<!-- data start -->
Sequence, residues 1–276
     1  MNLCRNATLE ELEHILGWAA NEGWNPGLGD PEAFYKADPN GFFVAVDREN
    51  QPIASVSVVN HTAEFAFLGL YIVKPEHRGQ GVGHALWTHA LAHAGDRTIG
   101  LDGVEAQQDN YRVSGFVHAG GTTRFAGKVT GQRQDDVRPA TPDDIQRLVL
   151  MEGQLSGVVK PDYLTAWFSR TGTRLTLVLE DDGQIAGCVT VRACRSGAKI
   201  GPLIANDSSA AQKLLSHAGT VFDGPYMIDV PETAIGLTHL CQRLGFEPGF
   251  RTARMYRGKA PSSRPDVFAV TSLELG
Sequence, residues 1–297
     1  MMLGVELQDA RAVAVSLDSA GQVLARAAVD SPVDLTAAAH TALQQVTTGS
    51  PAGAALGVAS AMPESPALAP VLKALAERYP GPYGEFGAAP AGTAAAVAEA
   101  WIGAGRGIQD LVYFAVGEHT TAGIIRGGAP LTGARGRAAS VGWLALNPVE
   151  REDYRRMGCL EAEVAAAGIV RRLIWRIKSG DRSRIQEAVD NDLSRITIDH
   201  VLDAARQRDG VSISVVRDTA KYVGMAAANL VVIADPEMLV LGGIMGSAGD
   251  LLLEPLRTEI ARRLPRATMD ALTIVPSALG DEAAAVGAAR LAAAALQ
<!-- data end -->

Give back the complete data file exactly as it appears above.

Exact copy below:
Sequence, residues 1–276
     1  MNLCRNATLE ELEHILGWAA NEGWNPGLGD PEAFYKADPN GFFVAVDREN
    51  QPIASVSVVN HTAEFAFLGL YIVKPEHRGQ GVGHALWTHA LAHAGDRTIG
   101  LDGVEAQQDN YRVSGFVHAG GTTRFAGKVT GQRQDDVRPA TPDDIQRLVL
   151  MEGQLSGVVK PDYLTAWFSR TGTRLTLVLE DDGQIAGCVT VRACRSGAKI
   201  GPLIANDSSA AQKLLSHAGT VFDGPYMIDV PETAIGLTHL CQRLGFEPGF
   251  RTARMYRGKA PSSRPDVFAV TSLELG
Sequence, residues 1–297
     1  MMLGVELQDA RAVAVSLDSA GQVLARAAVD SPVDLTAAAH TALQQVTTGS
    51  PAGAALGVAS AMPESPALAP VLKALAERYP GPYGEFGAAP AGTAAAVAEA
   101  WIGAGRGIQD LVYFAVGEHT TAGIIRGGAP LTGARGRAAS VGWLALNPVE
   151  REDYRRMGCL EAEVAAAGIV RRLIWRIKSG DRSRIQEAVD NDLSRITIDH
   201  VLDAARQRDG VSISVVRDTA KYVGMAAANL VVIADPEMLV LGGIMGSAGD
   251  LLLEPLRTEI ARRLPRATMD ALTIVPSALG DEAAAVGAAR LAAAALQ